Tips for preparing your pets in case of an emergency
We do all we can to keep our pets safe and healthy. We take them for regular vet checkups, keep their vaccinations up-to-date, make sure they don’t get into foods or situations that can harm them. But what about the unexpected threats?
If the recent hurricanes and firestorms have taught us anything, it’s that we can’t be complacent when it comes to being prepared for whatever disaster might befall us.
Here are some tips for preparing for an emergency to ensure we get our pets to safety.
• Make an agreement with your neighbors or a friend that lives close by. If you aren’t home when an emergency happens, you’ll want someone you trust to take charge of your pets and get them to safety.
• Have your pets microchipped and have them wear other identification tags. Both will increase your chances of locating your pet should you become separated.
• Pack a bag. Just as you have an earthquake preparedness kit for you and your human family members (you do have an earthquake kit, don’t you?), you’ll need one for your pets. Fill it with food and water (enough for at least three days); a leash and collar; any medicine they’re receiving; copies of their medical records; a first aid kit that includes cotton bandage rolls, tape and scissors, antibiotic ointment, surgical gloves, isopropyl alcohol, saline solution and flea and tick medication; toys and treats; blankets; a bed for them; a photo of you and your pet to help with identification if you become separated; and sanitation products (litter and a box for cats; paper towels, plastic trash bags and chlorine bleach).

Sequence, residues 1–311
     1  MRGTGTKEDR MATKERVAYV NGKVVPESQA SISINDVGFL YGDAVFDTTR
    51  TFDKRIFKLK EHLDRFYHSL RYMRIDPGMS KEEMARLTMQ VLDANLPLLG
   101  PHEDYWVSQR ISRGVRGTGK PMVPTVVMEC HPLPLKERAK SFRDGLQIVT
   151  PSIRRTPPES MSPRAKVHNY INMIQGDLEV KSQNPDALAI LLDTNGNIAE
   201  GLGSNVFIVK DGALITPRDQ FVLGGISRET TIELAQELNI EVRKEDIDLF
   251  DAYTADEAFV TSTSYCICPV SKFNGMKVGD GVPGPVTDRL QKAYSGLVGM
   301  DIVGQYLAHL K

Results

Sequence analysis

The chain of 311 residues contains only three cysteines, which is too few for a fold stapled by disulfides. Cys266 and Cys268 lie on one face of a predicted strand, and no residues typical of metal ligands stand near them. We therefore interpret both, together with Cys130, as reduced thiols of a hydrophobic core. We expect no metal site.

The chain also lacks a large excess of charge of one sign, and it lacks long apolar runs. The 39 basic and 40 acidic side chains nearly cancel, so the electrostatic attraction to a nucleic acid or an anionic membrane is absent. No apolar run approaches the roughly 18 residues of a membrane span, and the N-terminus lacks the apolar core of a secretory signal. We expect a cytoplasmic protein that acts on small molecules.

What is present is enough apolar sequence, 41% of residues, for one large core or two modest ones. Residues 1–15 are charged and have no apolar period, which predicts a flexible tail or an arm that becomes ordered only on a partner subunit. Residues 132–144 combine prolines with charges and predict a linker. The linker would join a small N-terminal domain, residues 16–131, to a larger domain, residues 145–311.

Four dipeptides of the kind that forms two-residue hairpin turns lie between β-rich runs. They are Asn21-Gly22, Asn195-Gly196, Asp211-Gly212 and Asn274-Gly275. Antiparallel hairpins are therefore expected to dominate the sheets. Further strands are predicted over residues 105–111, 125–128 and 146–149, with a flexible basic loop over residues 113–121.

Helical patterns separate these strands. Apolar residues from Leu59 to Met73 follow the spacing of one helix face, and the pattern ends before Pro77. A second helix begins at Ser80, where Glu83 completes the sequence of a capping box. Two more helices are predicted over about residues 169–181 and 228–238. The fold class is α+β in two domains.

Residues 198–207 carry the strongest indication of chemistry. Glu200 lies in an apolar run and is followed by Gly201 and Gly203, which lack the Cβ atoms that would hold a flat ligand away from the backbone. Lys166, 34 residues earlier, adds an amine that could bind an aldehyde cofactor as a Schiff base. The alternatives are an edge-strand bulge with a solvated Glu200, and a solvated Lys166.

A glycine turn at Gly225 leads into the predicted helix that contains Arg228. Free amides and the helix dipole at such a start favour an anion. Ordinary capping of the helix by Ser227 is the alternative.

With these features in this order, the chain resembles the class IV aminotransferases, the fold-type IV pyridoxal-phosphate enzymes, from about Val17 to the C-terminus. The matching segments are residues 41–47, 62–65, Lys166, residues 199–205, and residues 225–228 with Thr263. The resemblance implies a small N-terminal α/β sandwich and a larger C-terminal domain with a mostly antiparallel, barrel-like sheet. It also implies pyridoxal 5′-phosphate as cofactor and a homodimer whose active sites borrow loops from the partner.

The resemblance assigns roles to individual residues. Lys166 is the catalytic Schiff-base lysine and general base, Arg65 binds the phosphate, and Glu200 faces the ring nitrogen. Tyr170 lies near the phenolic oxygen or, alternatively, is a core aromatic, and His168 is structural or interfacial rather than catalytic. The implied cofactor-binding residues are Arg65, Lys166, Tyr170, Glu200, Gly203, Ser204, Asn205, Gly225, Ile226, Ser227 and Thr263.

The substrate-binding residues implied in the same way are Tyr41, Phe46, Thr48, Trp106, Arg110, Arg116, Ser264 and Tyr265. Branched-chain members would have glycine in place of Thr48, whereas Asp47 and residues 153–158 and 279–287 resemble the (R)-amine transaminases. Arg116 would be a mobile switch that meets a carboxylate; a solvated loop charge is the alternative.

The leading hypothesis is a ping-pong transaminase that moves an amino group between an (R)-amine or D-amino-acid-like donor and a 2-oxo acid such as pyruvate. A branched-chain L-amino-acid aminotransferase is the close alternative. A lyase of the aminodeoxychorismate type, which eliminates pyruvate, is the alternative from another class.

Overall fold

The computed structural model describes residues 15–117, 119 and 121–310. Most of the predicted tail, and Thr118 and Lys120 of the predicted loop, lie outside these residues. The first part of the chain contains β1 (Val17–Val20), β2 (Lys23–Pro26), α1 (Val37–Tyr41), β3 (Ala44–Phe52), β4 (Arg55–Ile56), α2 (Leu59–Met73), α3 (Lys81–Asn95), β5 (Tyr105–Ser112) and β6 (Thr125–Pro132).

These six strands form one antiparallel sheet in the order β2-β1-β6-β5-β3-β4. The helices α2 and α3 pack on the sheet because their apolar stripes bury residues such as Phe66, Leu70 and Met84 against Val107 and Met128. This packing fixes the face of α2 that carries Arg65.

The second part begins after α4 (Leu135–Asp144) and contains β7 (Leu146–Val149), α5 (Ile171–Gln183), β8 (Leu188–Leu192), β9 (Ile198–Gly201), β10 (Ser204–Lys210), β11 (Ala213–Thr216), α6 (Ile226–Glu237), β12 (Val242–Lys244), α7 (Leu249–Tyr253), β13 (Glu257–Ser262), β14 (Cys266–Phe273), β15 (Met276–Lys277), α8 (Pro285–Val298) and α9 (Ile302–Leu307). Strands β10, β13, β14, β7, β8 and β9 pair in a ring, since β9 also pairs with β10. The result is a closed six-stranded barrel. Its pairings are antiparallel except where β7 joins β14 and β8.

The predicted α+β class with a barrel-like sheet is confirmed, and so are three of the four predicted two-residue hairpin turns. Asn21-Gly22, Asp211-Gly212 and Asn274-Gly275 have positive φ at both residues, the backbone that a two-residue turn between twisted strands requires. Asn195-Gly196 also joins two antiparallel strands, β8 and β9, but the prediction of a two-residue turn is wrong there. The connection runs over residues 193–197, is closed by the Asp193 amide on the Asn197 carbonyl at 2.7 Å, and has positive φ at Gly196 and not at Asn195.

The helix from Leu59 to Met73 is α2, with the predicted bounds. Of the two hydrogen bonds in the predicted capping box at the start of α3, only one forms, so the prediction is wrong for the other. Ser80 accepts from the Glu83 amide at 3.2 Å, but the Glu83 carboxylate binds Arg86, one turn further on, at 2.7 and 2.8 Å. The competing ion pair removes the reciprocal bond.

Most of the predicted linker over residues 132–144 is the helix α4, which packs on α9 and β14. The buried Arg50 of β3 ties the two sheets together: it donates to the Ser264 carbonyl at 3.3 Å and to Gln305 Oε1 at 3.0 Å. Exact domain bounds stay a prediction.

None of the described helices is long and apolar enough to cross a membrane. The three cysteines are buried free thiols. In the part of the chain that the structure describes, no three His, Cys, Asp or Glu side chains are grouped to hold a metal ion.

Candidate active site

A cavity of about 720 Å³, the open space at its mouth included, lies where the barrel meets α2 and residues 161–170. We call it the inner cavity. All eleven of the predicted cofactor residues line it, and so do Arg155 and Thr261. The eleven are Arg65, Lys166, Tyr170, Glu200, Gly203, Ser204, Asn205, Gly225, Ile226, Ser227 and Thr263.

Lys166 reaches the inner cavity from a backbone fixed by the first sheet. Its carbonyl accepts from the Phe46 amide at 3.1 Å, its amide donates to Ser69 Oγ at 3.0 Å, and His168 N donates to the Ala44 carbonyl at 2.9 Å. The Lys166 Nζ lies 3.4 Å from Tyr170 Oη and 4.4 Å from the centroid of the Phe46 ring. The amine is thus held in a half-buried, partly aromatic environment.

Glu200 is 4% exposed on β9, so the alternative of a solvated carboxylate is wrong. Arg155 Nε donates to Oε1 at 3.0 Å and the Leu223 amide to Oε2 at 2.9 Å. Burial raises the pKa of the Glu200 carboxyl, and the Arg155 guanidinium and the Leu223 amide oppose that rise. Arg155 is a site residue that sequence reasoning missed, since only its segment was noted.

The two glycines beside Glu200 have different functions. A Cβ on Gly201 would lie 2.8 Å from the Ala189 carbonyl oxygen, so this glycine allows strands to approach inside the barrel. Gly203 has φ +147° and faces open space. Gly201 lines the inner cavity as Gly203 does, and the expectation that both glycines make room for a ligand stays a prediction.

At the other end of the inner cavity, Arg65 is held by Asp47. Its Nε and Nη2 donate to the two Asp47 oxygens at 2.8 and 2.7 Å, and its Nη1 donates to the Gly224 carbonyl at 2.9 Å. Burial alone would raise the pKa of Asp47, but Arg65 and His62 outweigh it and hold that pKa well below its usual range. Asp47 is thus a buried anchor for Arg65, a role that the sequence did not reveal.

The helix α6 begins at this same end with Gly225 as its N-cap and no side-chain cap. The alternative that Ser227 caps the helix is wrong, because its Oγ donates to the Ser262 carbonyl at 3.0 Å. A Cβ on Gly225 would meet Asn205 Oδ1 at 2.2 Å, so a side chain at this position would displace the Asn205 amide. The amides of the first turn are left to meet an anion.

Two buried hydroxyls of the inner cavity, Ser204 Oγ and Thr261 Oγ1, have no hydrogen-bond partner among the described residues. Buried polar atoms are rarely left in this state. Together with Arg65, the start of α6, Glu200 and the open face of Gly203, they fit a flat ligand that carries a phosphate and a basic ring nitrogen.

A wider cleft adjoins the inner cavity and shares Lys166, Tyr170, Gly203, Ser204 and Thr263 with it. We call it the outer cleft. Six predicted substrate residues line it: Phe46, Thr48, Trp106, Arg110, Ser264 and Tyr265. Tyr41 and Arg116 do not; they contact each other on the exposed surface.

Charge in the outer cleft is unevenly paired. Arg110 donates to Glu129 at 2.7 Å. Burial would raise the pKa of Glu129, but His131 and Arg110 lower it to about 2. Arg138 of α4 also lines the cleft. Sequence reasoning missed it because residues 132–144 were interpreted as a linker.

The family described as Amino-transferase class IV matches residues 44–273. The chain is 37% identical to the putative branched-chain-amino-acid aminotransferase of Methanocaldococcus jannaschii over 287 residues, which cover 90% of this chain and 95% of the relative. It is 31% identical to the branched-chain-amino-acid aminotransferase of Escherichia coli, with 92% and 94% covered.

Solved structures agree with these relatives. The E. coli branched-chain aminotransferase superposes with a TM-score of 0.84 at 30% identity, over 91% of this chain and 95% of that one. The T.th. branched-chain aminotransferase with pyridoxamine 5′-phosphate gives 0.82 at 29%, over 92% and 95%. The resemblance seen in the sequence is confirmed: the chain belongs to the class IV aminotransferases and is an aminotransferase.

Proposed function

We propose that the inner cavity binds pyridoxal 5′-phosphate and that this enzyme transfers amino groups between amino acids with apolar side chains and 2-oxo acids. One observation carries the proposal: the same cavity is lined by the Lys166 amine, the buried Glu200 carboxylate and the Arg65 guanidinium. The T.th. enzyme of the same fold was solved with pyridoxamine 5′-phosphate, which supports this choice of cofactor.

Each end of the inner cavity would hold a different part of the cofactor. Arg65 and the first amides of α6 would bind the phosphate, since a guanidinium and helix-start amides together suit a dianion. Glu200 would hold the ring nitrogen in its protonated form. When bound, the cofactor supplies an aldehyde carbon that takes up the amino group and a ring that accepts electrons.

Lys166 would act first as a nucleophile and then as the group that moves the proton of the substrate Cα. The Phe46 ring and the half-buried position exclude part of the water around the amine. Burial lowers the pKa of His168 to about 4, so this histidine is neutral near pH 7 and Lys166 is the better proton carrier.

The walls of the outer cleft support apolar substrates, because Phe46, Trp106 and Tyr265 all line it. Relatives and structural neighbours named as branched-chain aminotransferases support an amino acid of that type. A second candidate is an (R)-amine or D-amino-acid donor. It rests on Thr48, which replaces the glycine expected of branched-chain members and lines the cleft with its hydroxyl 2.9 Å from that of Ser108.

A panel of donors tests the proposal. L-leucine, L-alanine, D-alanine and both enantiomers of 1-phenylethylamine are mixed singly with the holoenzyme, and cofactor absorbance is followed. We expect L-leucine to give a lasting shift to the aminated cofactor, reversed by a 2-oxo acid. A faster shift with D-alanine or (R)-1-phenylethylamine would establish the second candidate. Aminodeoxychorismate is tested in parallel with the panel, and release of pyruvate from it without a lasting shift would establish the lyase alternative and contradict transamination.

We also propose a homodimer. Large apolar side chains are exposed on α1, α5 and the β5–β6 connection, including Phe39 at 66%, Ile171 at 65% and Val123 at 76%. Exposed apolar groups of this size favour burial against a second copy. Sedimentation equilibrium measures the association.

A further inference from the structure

• Have a crate or carrier that you can use to safely transport your pet, and keep them secure should you end up camping out. It should be large enough for the animal to stand up and turn around in.
• Many shelters are unequipped to accept pets, so identify shelters at various locations from your home that you can rely on to accept pets. It’s hard to know where you might be evacuating to, so cast your net in various places. Don’t forget to look for hotels that also accept pets.
• Prepare a list of emergency veterinarian hospitals in the general Bay Area in case your pet needs care and you can’t get to your regular vet.
• If you have farm animals, you’ll need to scope out places you can take and house them. In the Wine Country fires, county fairgrounds unaffected by the blaze have opened up their barns and corrals for temporary shelter. You also can look for places that normally board larger animals, such as private stables, to see if they would be willing to take your animals in an emergency.
• All animals should have identification markings.
• You’ll most likely need to transport your own animals. Do you have the right equipment? If not, contact friends who have horse trailers and other large vehicles and make arrangements to use them in an emergency.
• If you have to leave farm animals behind, be sure to leave plenty of food, water and bedding as it could be several days before you’ll be allowed to return to them.
A woman walks a dog outside the Tubbs fire evacuation center at the Sonoma County Fairgrounds in Santa Rosa.